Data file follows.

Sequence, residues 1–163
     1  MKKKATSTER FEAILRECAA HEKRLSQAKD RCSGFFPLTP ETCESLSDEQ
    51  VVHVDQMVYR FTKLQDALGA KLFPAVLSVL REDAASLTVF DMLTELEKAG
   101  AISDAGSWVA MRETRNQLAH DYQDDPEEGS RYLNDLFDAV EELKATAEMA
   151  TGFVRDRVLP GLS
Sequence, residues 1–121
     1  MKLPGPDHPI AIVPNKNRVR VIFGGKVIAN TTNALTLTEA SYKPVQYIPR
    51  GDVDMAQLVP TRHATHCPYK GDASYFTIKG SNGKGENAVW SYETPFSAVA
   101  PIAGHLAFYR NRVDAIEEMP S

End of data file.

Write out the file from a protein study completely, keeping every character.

Sequence, residues 1–163
     1  MKKKATSTER FEAILRECAA HEKRLSQAKD RCSGFFPLTP ETCESLSDEQ
    51  VVHVDQMVYR FTKLQDALGA KLFPAVLSVL REDAASLTVF DMLTELEKAG
   101  AISDAGSWVA MRETRNQLAH DYQDDPEEGS RYLNDLFDAV EELKATAEMA
   151  TGFVRDRVLP GLS
Sequence, residues 1–121
     1  MKLPGPDHPI AIVPNKNRVR VIFGGKVIAN TTNALTLTEA SYKPVQYIPR
    51  GDVDMAQLVP TRHATHCPYK GDASYFTIKG SNGKGENAVW SYETPFSAVA
   101  PIAGHLAFYR NRVDAIEEMP S